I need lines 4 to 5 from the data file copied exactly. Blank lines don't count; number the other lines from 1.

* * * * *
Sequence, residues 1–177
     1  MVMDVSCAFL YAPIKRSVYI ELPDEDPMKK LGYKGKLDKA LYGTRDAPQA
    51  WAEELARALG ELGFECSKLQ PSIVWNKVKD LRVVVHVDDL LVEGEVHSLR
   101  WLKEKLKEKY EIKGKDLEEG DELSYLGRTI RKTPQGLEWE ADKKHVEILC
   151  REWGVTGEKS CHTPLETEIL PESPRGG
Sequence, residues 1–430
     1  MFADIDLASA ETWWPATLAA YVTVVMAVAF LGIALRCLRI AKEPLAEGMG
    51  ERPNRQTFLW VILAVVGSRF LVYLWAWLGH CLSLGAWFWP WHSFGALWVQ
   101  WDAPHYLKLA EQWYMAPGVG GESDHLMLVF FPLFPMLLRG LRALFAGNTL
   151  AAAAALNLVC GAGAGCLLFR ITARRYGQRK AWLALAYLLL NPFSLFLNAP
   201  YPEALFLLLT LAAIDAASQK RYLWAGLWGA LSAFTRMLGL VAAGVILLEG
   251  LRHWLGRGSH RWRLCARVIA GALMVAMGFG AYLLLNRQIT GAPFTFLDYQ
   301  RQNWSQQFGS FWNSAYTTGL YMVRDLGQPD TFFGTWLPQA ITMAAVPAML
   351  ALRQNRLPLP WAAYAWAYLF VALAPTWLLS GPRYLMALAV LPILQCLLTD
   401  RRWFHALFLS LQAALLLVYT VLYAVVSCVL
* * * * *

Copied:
   101  WLKEKLKEKY EIKGKDLEEG DELSYLGRTI RKTPQGLEWE ADKKHVEILC
   151  REWGVTGEKS CHTPLETEIL PESPRGG